Developing and Extending Minimum Input Strategies for Weed Control in Agronomic and Horticultural Crops
Weed Control in Agronomic and Horticultural Crops with Greatly Reduced Rates of Herbicide
Findings of this project show that reduced herbicide programs are both possible and practical with no loss in weed control and crop yield in many locations and crops in Arkansas. Major findings have shown that herbicide inputs can be greatly reduced by substituting mechanical weed control, spraying herbicide in narrow bands, targeting herbicide to most susceptible weed species, and making very early application.
For example, use of band application and new cultivator equipment have reduced herbicide costs in cotton from $21 to $2.30 per acre. Survey results indicate that approximately one-third of the Arkansas soybean producers have adopted this herbicide-reduction technology, at a cost savings of $7 million annually. Some of the concepts developed for soybeans are being adapted to other agronomic and horticultural crops in this project, including vegetables. Research in wheat has shown that rates as low as one-fourth the labeled herbicide rates can be used.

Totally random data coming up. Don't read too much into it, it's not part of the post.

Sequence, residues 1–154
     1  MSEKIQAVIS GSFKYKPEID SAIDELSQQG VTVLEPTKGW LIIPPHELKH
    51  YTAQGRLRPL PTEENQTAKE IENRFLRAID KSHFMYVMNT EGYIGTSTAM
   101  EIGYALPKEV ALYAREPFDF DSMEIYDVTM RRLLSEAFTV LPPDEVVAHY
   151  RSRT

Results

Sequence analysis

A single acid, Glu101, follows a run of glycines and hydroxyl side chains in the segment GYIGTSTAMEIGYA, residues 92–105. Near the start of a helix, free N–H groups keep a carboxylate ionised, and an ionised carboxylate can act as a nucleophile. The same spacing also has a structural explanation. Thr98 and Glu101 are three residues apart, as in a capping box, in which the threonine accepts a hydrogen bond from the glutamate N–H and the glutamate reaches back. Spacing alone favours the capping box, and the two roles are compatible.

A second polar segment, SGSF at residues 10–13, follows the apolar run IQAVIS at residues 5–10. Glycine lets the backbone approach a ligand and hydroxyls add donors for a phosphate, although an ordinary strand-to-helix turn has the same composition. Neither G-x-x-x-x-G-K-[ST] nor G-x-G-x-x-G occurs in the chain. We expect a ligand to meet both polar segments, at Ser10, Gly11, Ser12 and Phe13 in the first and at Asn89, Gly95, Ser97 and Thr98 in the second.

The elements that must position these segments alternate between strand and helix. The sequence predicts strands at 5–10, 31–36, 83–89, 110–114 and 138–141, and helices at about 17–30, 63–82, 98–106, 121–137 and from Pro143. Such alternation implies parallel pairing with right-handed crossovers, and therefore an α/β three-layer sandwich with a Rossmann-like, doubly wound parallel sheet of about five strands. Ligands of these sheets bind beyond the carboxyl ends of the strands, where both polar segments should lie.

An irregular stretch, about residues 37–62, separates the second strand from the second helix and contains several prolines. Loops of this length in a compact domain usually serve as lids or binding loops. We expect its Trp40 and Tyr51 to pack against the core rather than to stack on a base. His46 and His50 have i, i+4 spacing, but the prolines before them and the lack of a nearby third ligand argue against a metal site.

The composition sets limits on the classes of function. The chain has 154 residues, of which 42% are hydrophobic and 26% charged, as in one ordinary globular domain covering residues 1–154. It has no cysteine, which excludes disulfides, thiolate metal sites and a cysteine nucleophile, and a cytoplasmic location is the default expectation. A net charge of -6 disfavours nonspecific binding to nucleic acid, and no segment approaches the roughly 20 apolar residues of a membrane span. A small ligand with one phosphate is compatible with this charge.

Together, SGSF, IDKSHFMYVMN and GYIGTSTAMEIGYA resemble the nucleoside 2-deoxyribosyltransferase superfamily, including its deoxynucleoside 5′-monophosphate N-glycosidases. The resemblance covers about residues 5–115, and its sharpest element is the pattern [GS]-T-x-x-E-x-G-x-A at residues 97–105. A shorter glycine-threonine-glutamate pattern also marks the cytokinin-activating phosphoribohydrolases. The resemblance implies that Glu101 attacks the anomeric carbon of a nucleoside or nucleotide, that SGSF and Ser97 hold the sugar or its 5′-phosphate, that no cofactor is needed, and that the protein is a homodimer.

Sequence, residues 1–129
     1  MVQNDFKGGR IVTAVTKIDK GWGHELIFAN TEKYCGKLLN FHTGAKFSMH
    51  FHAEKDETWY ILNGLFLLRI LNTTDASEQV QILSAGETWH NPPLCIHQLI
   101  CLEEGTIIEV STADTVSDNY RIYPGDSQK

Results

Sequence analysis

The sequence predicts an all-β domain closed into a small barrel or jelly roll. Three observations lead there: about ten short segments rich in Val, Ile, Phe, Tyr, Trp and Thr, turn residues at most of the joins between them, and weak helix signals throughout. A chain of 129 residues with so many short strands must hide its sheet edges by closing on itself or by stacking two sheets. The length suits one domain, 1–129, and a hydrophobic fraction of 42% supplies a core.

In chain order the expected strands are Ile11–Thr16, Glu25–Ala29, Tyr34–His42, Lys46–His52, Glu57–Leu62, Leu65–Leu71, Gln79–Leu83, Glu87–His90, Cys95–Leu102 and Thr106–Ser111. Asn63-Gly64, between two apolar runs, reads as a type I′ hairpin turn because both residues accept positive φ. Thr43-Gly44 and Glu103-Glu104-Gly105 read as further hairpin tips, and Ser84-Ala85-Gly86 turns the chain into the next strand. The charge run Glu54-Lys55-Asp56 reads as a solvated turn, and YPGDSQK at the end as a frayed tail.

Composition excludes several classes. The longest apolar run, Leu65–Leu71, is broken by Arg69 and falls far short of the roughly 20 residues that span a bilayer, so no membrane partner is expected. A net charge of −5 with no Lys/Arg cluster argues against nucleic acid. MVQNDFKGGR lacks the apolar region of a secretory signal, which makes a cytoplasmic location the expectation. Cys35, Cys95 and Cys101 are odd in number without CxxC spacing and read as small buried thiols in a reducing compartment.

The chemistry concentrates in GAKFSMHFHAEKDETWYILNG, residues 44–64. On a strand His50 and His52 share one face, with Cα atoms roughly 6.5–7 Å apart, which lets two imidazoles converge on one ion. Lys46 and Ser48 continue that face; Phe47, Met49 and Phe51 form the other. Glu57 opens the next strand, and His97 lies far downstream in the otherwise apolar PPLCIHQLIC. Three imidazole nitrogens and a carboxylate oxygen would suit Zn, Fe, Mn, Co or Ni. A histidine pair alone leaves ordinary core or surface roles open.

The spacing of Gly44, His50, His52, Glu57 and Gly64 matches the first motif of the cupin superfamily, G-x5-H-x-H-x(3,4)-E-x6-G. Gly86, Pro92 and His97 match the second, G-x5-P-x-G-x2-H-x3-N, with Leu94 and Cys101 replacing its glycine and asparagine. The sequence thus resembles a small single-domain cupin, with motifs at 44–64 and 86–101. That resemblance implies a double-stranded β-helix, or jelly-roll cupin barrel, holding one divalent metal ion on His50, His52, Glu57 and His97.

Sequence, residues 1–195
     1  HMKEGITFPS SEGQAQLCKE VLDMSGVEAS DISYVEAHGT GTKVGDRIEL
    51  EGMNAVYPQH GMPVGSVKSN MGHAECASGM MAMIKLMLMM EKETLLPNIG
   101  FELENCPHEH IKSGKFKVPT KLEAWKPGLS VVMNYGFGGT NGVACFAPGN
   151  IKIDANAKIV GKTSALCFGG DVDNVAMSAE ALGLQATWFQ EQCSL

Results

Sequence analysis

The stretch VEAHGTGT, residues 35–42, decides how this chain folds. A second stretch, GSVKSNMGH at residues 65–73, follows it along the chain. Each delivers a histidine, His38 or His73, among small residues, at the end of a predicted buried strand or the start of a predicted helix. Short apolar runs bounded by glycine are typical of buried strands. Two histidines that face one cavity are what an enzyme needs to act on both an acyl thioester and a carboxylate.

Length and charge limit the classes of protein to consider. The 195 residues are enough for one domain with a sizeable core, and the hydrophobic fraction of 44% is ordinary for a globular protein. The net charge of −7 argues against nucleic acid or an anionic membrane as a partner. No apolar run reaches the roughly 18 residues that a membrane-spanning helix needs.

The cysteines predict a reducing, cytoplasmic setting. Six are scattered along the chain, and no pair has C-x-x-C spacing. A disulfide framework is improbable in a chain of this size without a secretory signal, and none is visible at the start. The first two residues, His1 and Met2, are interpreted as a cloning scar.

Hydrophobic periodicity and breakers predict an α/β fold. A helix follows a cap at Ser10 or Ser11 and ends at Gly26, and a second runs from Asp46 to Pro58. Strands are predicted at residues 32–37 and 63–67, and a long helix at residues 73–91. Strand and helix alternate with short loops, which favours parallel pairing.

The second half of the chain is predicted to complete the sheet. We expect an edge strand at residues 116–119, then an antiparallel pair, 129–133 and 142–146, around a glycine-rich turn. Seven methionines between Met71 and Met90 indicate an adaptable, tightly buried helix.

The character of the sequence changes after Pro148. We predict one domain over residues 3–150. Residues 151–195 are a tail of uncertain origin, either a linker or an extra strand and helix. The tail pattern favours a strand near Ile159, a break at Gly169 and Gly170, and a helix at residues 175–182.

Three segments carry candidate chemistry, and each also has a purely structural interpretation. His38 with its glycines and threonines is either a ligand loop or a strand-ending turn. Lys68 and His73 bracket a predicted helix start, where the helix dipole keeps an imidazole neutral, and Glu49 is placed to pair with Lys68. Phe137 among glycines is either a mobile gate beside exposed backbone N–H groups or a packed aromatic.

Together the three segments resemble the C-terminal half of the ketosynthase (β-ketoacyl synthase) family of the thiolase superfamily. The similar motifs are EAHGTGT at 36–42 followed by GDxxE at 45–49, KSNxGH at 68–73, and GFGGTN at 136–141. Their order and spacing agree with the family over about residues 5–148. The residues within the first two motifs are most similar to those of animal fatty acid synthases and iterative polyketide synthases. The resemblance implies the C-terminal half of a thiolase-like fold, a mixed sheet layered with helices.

Investigators have concluded that further reduction of herbicide inputs can best be accomplished by an integrated program of crop rotation, cover cropping, living mulches and tillage methods such as ridge till.